Tuesday, March 27, 2007

A Healthy Disregard for the Impossible

Two weeks ago, I quit my job at Google. Later this year, I will join Xobni ("inbox backwards") in San Francisco, California!

Why leave Google? It's a fantastic company: They have the smartest people, enlightened management, great projects and pamper employees to no end. But most importantly, they're one of the few companies that stick to their values: When they say "don’t be evil", they actually mean it. I can only recommend working there.

But what I really wanted to do after school is to do a startup.

When I visited Adam and Matt in August last year, I was impressed: They were also interested in email, they seemed wicked smart, and had all the right connections. But above all, they had a healthy disregard for the impossible. These guys are willing to do what it takes to succeed.

Back then, it was hard to lure me away from my Google offer, and they didn't succeed. Since then, the company, software, and goal have evolved and they've recently received significant VC funding (as the media found out today).

Matt and Adam don't take no for an answer. After another offer earlier this year, it took me quite a while to make up my mind and actually quit. Back at Google Zurich, I was working on an awesome project with great people. The office was growing fast. Google had just won another award for being the best place to work, ever. It didn’t seem like a smart, mainstream move at the time.

What pulled the trigger was reading Jessica Livingston's Founders at Work on a plane ride back from the States. If all of these guys had done it, so could I. Around the same time, I got an email from Paul Buchheit who wrote: "The great thing about a good startup is that even if it doesn't work out, you still end up learning a lot more and meeting more interesting people than you otherwise would." That's true: The learning curve will be much steeper at Xobni than at Google; my impact will be much larger. That's the kind of environment I enjoy.

As one of Xobni's earliest employees, I'll be heading up their engineering effort. We're looking for a few superstars. If you're one of them, let me know.

Saturday, March 24, 2007

BlogCampSwitzerland Roundup

I went to BlogCampSwitzerland today, a BarCamp-like unconference about blogs. It was really crowded! I guess I underestimated the number of Swiss bloggers who would show up at an event like this.

One interesting session was Bruno Giussani's talk about BondyBlog. During the French riots in the banlieues, a group of Swiss journalists went to one of these suburbs and blogged about the daily lives of people there. Eventually, they handed over the blog to some locals they trained in blogging. The blog has since become the voice of the 'other France'. A great story about the citizen media.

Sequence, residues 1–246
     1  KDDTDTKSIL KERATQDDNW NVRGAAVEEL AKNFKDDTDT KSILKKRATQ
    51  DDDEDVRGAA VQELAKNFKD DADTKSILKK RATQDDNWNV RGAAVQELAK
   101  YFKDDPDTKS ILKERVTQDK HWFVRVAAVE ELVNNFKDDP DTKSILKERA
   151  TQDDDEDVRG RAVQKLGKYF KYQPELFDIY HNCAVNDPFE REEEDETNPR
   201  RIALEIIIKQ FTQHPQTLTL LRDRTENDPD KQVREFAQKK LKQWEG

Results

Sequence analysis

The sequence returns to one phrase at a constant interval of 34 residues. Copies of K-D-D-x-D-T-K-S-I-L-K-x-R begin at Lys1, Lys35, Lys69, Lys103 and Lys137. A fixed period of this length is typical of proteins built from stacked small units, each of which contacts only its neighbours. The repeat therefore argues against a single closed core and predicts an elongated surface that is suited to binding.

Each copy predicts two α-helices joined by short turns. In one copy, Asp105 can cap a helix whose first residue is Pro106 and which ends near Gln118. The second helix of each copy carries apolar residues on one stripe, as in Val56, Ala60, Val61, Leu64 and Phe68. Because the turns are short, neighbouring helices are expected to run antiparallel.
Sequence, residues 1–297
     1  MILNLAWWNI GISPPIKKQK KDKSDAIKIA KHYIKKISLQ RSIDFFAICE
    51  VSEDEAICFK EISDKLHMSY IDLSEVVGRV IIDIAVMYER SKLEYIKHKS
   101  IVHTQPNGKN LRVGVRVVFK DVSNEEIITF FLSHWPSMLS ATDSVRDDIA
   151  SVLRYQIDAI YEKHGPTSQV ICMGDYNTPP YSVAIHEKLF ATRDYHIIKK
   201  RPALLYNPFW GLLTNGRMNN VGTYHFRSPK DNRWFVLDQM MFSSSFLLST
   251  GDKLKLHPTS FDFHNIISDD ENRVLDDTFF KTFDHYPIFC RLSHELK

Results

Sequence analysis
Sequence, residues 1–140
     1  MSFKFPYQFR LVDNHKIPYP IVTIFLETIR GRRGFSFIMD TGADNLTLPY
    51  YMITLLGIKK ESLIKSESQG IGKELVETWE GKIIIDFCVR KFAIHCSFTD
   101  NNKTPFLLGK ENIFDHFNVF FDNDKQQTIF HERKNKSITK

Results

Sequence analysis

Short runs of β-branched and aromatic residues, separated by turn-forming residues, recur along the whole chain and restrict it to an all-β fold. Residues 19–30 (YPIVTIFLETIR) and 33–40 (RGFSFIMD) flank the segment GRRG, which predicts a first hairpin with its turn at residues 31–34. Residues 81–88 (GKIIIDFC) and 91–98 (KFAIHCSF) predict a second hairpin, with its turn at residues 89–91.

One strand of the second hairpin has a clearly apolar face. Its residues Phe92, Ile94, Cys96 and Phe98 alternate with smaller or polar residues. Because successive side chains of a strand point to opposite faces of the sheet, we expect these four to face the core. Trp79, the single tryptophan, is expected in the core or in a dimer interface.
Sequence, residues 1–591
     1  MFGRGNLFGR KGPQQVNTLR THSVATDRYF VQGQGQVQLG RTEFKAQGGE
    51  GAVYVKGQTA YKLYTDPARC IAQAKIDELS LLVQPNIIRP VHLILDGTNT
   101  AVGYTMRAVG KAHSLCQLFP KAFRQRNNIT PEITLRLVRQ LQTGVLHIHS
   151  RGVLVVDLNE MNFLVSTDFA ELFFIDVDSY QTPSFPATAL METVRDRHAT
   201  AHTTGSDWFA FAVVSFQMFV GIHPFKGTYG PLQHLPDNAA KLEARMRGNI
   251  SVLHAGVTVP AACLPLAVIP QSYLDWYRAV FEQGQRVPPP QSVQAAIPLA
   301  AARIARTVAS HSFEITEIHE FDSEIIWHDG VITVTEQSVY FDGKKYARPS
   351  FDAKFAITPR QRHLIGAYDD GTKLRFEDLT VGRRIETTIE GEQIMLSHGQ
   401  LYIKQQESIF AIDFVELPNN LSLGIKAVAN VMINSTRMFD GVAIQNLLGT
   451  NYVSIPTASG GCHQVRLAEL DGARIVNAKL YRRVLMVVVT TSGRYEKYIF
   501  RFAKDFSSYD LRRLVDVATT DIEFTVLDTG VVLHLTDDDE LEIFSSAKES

Bruno had a couple of interesting anecdotes about how the site came to be: One incident involved one of the banlieue kids asking Nicolas Sarkozy for his phone number and through outright brashness, getting it.

As at BarCampZurich, I once again tried to ignite a discussion, this time about the future of blogging technology. The slides I used as an intro for the brainstorm are here. Stephanie Booth has a great summary of the session. And yes, we spent a lot of time talking about Twitter, which for some reason has become insanely popular. (I've also chatted about it with the Bits und so guys.) Great discussions ensued. Some people felt that we missed an authoritative conclusion of where blogging is going to go, but you wouldn't really expect such a thing from a group discussion, would you?

Monday, March 19, 2007

A Weekend in Munich

I spend the weekend visiting my friend Fabian in Munich, Germany.

We revisit some of the places that I'd frequented when I was interning at Yahoo, 6 years ago, working my ass off. The building where Yahoo used to be looks derelict, and now sports a for-rent sign with spelling errors in the window.

We drop by Munich's "Pinakothek der Moderne" in a modern, completely white building. We make fun of Dan Flavin's light installations.

Off to a coffee shop named "San Francisco Coffee Company" where we meet Timo plus Nadine and her mysterious boyfriend. I break The News. The crowd is mildly shocked.

I get the feeling that my life is in upheaval, while everything around me is completely constant.

We go out later that night, searching for my friend's future "temporary girlfriend" (as suggested in the coffee shop - he's too picky to settle on any permanent one), but we only meet 35-year olds in a weird bar-slash-coffee-place with awesome music.

The next morning we have brunch at News Bar and walk around in the park. We head home and play Age of Empires against each other for hours.

I return on the direct train to Zurich. In the seats next to mine, a bunch of kids from the prestigious Salem private school talk about their lives in high society. And their life plans after graduation.